Erdogan reassures Macron Syria operation is not an 'invasion'

Turkey launched an offensive against Syrian Kurdish People's Protection Unit that its Western allies do not classify as a terror group

Turkey's President Recep Tayyip Erdogan signs a drone at a military airbase in Batman, Turkey, Saturday, Feb. 3, 2018. The Turkish military says two of its soldiers have been killed in Syria and a third was killed on the Turkish side of the border in an attack by Syrian Kurdish militiamen, saying Saturday's deaths were related to Turkey's operation against the Syrian Kurdish-held enclave of Afrin. (Murat Cetinmuhurdar/Pool Photo via AP)
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Turkish President Recep Tayyip Erdogan on Saturday sought to reassure France's Emmanuel Macron over the operation of the Turkish army inside Syria, telling the French leader it was aimed against "terror elements" and that Ankara had no interest in Syrian territory.

Turkey on January 20 launched the "Olive Branch" operation against Syrian Kurdish People's Protection Units (YPG) militia which Ankara sees as a terror group and a threat to Turkey.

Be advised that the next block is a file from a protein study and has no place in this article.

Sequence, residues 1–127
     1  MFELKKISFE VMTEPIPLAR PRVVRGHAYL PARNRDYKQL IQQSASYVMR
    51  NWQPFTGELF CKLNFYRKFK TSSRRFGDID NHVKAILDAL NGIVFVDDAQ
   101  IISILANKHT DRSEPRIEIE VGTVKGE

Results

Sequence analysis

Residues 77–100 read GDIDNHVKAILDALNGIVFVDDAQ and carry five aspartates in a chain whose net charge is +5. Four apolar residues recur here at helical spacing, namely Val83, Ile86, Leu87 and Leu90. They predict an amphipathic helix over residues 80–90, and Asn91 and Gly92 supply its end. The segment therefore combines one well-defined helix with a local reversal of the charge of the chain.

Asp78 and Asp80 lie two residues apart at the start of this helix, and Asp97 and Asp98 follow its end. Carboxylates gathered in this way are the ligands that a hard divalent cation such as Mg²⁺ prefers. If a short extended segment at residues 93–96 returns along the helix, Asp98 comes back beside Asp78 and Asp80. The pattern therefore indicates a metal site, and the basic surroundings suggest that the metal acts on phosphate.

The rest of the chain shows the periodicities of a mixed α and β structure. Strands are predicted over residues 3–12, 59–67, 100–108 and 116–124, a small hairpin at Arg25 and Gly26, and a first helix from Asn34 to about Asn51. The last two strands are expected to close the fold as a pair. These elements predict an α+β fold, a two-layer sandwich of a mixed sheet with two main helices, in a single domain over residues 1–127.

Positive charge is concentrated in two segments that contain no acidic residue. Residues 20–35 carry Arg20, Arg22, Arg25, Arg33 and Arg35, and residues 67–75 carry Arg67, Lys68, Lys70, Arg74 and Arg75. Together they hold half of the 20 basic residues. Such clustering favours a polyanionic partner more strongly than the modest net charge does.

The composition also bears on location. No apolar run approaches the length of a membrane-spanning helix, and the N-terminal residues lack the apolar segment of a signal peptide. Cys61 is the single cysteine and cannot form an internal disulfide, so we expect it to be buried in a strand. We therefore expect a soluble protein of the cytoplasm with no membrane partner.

Mr Macron had incensed Turkish officials by saying in a newspaper interview last week that France would have a "real problem" with the campaign if it turned out to be an "invasion operation".

Turkey's Western allies do not classify the YPG as a terror group and have worked closely with its fighters in the battle against Islamic State (ISIL) jihadists.

But in telephone talks, Mr Erdogan told Mr Macron that Turkey had "no eye on the territory of another country", the state-run Anadolu news agency reported.

He added that the operation was "aimed at purging" the area of Afrin in northern Syria of "terror elements" such as the YPG.

Mr Erdogan has sought to build a strong relationship with Mr Macron despite rocky ties with the EU, visiting Paris in January for talks.

But after Mr Macron's remarks last week, Foreign Minister Mevlut Cavusoglu responded that France had no right "to give us lessons" on a cross-border offensive, pointing to France's own colonial history.


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